Stoozing – make free cash
Earn interest from 0% credit cards
Stoozing's the art of making money by earning interest on cash that credit cards lend you at 0%. While not as lucrative as it used to be, you can still make a pretty penny as long as you know what you're doing. Here's how to do it and what to watch out for.
Stoozing's the art of making money out of 0% deals. It became the vogue of money nerds when credit card companies first launched 0% deals.
Martin broadcasted the first set strategy for it around 2000, and it works like this: Lots of cards lend new customers money at 0% (see options here). By grabbing this cash then saving it at as high a rate of interest as possible, you're earning interest on money they've lent you for free.
In stoozing's heyday, the amounts people could get were huge, with the biggest stooze-pot we heard about being £80,000 of 0% credit card debt (multiple cards, continually rolling onto 0% deals) which saved that stoozer nearly £5,000 a year as the money was offset in his flexible mortgage.
We're not quite back to the heyday of stoozing but it's still possible to make a bit of free cash.
Warning: Stoozing is ONLY for those who are debt-free & financially savvy. If you're not, avoid it as mistakes can be costly. If you're looking for more than just 0% spending, or you've debts, see our Credit Cards page for full options.
Who can do this?
Though lucrative, this technique is tricky, and not suitable for everyone. If you decide to give it a go, read this article in full, and make sure you understand the process, as mistakes can have a high cost.
Be credit card debt-free
Only use this technique if you don't have any credit card debts and have a decent credit score. Those who already have debts on plastic should use all available new credit to reduce the interest. Read the Best Balance Transfers guide.
Ensure you're on the ball
Do it right and this is risk-free. Yet stoozing isn't for the forgetful, ill-disciplined or inattentive. If that's you, stop reading now, as getting this wrong costs.
Consider cashback instead
If you're a little forgetful, or would just prefer a simpler way to make free cash, a more foolproof (but less lucrative) way to profit is simply using a cashback credit card and paying it off in full every month. For the current top picks, read the Credit card rewards guide, and see our Credit Cards page for more options.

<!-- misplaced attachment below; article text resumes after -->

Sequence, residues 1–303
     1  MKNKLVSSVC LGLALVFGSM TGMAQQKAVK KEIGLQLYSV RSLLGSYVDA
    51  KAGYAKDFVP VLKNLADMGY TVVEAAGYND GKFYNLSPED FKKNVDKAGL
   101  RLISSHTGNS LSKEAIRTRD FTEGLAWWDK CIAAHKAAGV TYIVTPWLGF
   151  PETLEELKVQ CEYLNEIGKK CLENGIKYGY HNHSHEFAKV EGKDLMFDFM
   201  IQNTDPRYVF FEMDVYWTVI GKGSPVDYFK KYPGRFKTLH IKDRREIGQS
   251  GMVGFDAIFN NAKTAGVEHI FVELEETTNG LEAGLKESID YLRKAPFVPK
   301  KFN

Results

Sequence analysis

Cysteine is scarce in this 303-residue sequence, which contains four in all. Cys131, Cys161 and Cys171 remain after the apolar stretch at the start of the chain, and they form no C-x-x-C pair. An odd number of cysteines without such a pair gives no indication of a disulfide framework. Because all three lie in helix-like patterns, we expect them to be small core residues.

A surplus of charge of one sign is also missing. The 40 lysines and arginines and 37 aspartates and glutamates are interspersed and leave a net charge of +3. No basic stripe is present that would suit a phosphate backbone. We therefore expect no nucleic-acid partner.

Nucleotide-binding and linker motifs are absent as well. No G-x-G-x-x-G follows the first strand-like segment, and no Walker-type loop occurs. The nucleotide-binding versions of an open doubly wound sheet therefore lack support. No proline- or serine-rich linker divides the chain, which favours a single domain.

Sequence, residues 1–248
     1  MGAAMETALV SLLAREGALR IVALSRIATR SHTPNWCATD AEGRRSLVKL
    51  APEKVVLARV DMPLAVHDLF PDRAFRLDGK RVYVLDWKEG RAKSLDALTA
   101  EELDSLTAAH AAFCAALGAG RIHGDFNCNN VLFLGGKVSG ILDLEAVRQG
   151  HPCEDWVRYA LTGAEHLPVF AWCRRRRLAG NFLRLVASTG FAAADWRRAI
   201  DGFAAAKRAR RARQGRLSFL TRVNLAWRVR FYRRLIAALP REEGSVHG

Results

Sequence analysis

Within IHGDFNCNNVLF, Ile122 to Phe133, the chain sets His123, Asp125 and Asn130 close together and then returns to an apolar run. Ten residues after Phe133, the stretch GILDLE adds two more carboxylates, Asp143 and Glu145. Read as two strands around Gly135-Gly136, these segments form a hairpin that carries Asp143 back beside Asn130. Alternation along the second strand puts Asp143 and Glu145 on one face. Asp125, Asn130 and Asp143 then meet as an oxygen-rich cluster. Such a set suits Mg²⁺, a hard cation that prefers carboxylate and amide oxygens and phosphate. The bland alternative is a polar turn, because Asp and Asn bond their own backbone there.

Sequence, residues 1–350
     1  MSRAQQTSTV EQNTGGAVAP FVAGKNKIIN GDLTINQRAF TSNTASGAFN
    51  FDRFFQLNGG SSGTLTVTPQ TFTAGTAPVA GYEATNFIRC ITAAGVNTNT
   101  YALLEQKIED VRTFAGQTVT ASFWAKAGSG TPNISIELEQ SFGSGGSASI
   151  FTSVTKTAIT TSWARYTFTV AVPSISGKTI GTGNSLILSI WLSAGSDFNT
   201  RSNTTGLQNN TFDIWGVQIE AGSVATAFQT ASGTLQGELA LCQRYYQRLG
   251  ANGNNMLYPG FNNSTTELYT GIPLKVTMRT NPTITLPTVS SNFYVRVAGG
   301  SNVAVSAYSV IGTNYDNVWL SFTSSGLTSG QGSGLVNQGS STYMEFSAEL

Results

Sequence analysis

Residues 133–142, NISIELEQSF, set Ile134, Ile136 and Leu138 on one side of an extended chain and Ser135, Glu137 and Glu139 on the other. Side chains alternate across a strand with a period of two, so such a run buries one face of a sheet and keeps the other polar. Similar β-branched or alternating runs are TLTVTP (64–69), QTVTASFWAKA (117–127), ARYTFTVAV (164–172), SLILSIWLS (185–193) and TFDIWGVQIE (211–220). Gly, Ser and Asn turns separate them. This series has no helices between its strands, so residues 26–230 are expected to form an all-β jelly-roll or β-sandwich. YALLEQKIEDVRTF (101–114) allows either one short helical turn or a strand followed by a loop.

How to stooze...
In a nutshell, the idea is to do your normal spending on an interest-free credit card, and let the dosh you'd normally be using build up in a savings account, earning interest.
The aim is to get the longest 0% credit deal you can (don't confuse these cards with 0% balance transfers, which are for shifting debts).
Which cards'll accept you? The only way to find out is to apply, but that marks your credit file. So our free 0% Purchases Eligibility Calculator shows your odds of getting each card, to minimise applications without hitting your file. Most of the cards featured in this guide are in it.
See our 0% spending cards guide for the current top picks.
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Once accepted, use the card for everything you buy; replacing all credit card, debit card, cheque and cash spending up to the credit limit – though never withdraw cash as you're charged interest.
As all spending is on the credit card, cash isn't withdrawn from your current account, allowing unspent wages to build up. This means the debt on the credit card will be matched by extra cash in your current account – and this forms the stooze pot you can use to save.
Now it's time to follow the golden rules on stoozing:
Don't exceed your credit limit. That can result in you losing the 0% deal and hurting your credit score.
This isn't an excuse to overspend. We're just using it as a method to build up savings to match the stooze pot.
Only make the MINIMUM repayments. Don't try to repay this card in full. Just set up a direct debit to make the minimum monthly repayments, usually around 2.5% of the outstanding balance. Don't miss any payments, or you could lose the 0% promo offer, messing up your entire stooze.